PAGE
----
Thursday, 13 March 2014



Dear Fernando,

Thanks so much for getting in touch with us. As we said, we really do appreciate your passion and concern, I spoke with our Director of Horticulture Richard Barley this morning and he emailed over the following:

“Sadly the Jubaea chilensis specimen in Kew’s Temperate House was senescing, and nearing the end of its natural life. Generations of horticulturists at Kew have lovingly nurtured this palm since 1846, however recent examinations revealed it to be in serious decline. As it had been grown in the artificial and protected environment of the Temperate House, transplanting it outdoors would not have been a viable option.

“We understand that this palm became one of Kew’s icons and meant a lot to our visitors, and we have successfully preserved its legacy through propagation. We are very pleased to announce that we have healthy Jubaea chilensis seedlings growing behind the scenes that will take their rightful place in the newly refurbished Temperate House when it opens in 2018.

“The care of the Temperate House’s world renowned plant collection has been our priority while preparing for the restoration project.”

In the future please don’t hesitate to contact us if you want any further information on Kew (

Kind regards,
  1. Dear Kew Gardens,

    Thank you for your prompt response.

    I am intrigued by Richard Barley’s statement that the Chilean palm was ‘senescing, and nearing the end of its natural life.’

    It seems a curious assertion since no one really knows how long these plants live for. Many have lived for several hundred years in their native habitat.

    Kew’s treasures are not strictly speaking Kew’s property - it is not just a technical decision (or a cost benefit assessment) what specimens are nurtured or destroyed. You are merely the keepers, for and on behalf of the public, of invaluable natural assets. You are not beyond public accountability, and quite rightly so.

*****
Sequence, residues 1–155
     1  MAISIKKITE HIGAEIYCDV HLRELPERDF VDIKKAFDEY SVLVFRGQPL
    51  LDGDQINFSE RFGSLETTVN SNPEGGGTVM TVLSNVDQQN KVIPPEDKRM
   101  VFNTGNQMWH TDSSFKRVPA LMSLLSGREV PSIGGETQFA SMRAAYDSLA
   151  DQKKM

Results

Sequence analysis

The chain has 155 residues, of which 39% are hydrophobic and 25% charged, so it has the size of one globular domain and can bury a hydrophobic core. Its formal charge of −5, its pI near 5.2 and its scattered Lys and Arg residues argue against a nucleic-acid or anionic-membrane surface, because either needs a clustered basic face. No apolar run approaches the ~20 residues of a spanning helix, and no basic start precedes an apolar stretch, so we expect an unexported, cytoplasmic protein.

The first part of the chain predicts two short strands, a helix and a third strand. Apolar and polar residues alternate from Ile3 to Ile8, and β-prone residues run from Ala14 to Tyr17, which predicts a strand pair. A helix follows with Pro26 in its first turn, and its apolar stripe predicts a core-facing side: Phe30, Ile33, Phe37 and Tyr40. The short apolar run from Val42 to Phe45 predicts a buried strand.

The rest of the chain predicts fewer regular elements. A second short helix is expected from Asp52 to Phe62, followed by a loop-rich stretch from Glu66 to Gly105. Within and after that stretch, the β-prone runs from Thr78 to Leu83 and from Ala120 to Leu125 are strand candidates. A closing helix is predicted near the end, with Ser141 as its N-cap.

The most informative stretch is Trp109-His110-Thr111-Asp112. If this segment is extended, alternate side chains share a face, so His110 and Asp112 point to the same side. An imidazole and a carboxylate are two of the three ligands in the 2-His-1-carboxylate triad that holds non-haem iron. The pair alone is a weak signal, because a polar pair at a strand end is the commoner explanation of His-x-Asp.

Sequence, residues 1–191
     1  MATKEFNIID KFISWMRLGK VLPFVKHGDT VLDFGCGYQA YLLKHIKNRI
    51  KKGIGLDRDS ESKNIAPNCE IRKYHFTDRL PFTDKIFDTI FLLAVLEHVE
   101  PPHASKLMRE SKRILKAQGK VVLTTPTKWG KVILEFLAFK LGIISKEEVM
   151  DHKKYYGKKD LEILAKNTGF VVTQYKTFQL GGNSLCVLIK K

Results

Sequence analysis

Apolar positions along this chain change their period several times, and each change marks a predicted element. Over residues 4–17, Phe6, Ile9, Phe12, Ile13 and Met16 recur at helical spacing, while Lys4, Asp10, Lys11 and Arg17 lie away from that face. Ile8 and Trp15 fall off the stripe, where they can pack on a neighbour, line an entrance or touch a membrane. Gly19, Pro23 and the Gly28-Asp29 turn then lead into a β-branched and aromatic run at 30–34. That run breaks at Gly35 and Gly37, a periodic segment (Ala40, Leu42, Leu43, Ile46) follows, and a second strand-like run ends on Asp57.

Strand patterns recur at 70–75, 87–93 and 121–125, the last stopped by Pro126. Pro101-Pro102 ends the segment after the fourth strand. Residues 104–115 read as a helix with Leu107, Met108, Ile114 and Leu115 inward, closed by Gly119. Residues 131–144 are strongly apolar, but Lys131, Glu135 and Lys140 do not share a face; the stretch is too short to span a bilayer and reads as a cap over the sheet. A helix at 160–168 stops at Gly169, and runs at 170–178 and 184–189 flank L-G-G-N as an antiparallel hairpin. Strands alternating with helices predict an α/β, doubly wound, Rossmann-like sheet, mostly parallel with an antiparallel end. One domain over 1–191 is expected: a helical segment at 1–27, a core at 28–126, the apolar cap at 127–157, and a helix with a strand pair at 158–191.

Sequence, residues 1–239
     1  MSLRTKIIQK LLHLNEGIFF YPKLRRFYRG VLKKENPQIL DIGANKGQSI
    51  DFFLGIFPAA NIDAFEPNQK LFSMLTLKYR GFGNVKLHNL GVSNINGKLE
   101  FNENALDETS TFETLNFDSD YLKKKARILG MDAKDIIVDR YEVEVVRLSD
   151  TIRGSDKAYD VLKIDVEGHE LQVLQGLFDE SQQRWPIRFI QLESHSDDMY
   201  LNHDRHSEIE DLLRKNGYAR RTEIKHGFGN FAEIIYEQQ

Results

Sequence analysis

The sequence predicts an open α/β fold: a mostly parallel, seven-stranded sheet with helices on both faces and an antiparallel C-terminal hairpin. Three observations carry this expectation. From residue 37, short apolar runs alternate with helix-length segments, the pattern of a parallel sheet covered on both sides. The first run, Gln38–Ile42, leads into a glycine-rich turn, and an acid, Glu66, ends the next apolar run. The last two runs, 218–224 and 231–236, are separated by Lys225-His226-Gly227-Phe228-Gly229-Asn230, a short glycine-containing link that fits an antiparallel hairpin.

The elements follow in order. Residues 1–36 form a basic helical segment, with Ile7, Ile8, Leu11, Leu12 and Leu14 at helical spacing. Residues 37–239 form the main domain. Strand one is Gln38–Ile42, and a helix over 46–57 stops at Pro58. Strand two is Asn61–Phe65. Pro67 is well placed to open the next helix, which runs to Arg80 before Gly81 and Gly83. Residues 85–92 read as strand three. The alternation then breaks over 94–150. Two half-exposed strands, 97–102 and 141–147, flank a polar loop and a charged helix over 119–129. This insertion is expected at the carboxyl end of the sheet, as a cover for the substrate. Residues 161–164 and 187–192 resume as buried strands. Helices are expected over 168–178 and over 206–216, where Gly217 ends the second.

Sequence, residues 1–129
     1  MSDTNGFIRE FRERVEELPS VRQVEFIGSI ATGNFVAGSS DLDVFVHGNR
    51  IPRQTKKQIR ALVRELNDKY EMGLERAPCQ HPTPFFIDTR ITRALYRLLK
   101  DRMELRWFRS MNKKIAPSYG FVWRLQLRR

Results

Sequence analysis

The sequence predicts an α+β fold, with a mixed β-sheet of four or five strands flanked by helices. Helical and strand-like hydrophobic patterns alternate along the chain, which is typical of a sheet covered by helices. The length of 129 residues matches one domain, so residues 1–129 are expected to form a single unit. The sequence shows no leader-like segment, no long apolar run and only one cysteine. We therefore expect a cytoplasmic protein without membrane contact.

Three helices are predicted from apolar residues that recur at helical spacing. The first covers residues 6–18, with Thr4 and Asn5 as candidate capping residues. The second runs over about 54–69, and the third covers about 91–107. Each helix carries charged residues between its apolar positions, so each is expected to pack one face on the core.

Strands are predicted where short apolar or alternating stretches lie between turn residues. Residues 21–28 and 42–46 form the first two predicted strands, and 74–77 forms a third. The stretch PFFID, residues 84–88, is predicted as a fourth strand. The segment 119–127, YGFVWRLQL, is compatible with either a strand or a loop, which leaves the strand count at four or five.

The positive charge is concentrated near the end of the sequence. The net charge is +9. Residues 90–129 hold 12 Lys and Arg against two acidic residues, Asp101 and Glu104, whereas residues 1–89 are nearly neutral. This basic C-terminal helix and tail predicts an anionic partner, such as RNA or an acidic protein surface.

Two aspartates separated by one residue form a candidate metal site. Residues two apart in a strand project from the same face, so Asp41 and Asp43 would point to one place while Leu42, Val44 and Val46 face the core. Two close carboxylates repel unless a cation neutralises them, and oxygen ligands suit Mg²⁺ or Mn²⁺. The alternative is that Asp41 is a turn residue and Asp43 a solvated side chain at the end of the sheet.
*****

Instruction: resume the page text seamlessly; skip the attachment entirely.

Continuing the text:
I am grateful for your interest, and I thank you for your appreciation of ‘my passion and concern’. I take it as a compliment, and not as a patronising statement of any sort.

    Thank you again.

    With my best wishes,



  1. No quiero que se me malinterprete, ni que parezca una broma Fernando…pero me parece increíble que Richard Bradly se tome el robo del nenúfar enano de Uganda poco menos que una cuestión de estado y declare que la desaparición haya traído consigo el desánimo moral para la plantilla de conservadores y jardineros del Kew Gardens, y por otro quite le quite importancia a la palmera chilena alegando que su tiempo vital haya llegando a su fin si como tú dices no se sabe cuánto viven estas…no sé…parece que el criterio cambia en función de las necesidades del momento. En mi opinión la palmera molestaba para hacer la restauración del invernadero y han optado por la opción más fácil.

  2. Fernando ojala tuviéramos unos cuantos como tu en Valencia...